Eugene had lived through two vicious revolutions in France (1789 and 1830) and it was understandable that the population was afraid that this revolution, which had established a Republic, would turn violent too. He wrote in his diary about the situation in Marseilles, where a mob had turned to violence:

Our excellent population rose in force, so to speak, to suppress the disorder which a mob, bribed or greedy to loot, wanted to perpetrate at the dawn of the Republic. During the past night, they stormed the mayor’s house, smashing all the windows and damaging the facade; they also broke all the windows of the courthouse and the city hall, as well as a large number of lampposts. But a national guard was formed by honest people, and these badly-intentioned people were constrained. On the night of Saturday to Sunday 28th, they were forced to content themselves with going around town singing the “Marseillaise”. This time they passed through the rue de l’Évêché, but made no demonstration in front of the bishop’s house. I did not abandon my residence despite the insistence of some. I went to the cathedral church (it was Sunday of Sexagesima) and in a short while I will be administering the sacrament of Confirmation to a sick person, without the least anxiety.


Later, Eugene’s reflections on these events was to continue his everyday duties:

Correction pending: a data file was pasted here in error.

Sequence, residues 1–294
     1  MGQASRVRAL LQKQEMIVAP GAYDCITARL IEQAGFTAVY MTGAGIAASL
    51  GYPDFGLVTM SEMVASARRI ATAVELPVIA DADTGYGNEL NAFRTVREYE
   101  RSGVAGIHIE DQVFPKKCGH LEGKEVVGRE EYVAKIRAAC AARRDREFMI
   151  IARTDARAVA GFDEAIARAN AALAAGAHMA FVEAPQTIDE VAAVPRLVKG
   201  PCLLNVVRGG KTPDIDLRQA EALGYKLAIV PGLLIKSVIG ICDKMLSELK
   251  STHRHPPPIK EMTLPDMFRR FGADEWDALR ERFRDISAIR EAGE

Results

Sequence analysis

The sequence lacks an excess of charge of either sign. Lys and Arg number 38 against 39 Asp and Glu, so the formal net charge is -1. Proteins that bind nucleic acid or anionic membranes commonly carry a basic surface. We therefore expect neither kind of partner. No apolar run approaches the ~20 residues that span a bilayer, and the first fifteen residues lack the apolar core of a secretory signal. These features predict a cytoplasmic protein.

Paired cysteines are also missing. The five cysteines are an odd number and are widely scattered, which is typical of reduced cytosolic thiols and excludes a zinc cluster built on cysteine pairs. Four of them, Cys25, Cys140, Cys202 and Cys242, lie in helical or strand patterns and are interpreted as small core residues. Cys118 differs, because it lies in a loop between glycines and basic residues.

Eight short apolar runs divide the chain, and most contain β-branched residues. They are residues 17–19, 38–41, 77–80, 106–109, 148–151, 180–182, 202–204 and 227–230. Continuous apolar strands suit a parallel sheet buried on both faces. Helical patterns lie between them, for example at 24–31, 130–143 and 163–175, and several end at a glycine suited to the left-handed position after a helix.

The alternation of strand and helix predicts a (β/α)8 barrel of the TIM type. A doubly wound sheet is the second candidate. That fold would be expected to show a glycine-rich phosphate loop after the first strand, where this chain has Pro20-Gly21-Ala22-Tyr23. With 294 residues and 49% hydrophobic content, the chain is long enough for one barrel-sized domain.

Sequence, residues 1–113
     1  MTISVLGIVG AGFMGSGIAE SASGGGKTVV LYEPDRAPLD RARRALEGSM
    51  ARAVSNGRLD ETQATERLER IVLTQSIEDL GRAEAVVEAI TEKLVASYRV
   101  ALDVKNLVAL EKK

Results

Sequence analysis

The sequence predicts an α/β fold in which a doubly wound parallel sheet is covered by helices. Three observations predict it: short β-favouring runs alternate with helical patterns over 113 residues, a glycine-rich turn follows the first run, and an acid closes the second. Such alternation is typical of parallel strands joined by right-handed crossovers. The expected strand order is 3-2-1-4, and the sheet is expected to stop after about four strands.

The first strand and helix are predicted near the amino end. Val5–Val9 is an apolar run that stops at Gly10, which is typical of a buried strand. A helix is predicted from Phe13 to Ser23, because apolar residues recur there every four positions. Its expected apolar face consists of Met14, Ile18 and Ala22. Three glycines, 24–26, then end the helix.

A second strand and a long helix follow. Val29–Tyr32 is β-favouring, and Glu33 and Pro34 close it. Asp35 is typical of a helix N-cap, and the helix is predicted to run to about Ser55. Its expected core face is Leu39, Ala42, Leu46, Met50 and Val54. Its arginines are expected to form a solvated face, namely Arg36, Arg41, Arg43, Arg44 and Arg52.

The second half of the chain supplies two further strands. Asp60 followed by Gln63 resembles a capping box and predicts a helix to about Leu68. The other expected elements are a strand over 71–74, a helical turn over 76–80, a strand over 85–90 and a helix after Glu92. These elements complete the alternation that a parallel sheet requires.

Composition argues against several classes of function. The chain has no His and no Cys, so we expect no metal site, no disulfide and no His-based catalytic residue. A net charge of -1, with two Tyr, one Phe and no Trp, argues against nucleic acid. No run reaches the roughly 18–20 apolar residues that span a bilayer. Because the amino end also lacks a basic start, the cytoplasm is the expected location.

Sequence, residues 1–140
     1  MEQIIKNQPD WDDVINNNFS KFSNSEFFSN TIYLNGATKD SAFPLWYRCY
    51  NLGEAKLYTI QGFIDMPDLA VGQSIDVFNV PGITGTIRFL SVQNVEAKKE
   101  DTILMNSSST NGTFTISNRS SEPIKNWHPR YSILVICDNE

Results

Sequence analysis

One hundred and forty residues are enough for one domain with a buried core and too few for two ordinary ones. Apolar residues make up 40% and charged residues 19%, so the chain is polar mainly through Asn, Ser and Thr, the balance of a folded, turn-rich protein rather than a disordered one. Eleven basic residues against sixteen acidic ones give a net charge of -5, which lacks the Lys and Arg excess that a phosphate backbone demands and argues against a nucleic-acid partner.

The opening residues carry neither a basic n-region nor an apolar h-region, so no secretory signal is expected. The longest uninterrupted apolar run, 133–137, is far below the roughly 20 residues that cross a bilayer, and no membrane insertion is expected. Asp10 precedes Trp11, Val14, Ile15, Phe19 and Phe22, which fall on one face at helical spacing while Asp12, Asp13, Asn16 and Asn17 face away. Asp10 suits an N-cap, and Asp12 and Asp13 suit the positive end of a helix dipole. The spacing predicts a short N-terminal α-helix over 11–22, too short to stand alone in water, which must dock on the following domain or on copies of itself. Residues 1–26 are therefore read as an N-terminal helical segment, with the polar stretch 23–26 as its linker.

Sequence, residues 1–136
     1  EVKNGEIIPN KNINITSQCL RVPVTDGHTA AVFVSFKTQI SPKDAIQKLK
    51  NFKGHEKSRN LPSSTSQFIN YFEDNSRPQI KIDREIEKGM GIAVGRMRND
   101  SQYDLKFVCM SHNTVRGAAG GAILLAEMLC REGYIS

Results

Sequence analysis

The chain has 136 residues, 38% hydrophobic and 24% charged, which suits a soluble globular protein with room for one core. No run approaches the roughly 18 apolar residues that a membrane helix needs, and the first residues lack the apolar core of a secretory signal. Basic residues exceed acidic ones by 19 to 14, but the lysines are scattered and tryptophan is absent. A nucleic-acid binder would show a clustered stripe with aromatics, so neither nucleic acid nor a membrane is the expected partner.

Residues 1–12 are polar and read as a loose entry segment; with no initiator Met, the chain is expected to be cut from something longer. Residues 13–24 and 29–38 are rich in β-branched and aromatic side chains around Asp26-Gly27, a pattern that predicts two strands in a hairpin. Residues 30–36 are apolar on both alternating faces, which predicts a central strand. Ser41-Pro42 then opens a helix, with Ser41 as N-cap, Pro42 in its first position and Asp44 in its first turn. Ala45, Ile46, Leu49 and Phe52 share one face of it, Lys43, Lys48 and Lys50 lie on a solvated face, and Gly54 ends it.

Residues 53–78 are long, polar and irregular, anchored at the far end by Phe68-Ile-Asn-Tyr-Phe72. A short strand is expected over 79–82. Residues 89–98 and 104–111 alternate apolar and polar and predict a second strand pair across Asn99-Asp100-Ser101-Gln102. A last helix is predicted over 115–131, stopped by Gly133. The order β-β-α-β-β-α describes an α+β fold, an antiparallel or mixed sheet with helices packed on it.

I return from administering the sacrament of Confirmation to my sick person. I have been touched by the demonstration of interest which was shown to me in every street through which I passed. People cried out when I passed by and they requested my blessing with an expression that made me think that these good people had been able to believe that I had been disturbed during these events.

Eugene de Mazenod’s Diary, 27-28 February 1848, EO XXI

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  1. Eleanor Rabnett, Lay Oblate says:

    I find myself thinking of how this applies to me, today, some 200+ years after the physical life of Eugene. The world today is filled with controversies, seething anger and violence… How do I keep myself on track: a track filled flowing goodness and life, love, trust in God…? I find myself responding as I think of the word “community” – a place where I am not alone, but rather walking with…

    The Spirit reminds me of the letter from Fr. Chicho written all of his brothers and sisters on the Feast of the Conversion of St. Paul; reminding us that we are called and invited to walk with my two favorite Saints. It is yet another invitation to join together as pilgrims of Hope in Community.

    My eyes catch sight of the letter from Fr. Chicho on the Feast Day of St. Paul’s Conversion. It invites me to read it again and asks me how I might follow in the light and love of both saints – Paul and Eugene and their conversions and ways of being.

    “We go on pilgrimage with hope in communion in these times that present us with shocking challenges: wars, injustices, the degradation of the planet, divisions, abuses of all kinds, etc. do not leave us indifferent. Difficult times, a change of epoch. Today the liturgy and our family memories invite us to open ourselves to conversion as a response to these challenges. Let us allow the Spirit of Jesus to transform us and teach us to respond with audacity and with our lives: is Christ really at the center of our lives? are the poor at the center of our mission? are the brothers and sisters in community at the center of my relationships?” (from the Superior General’s Homily of January 25, 2024)

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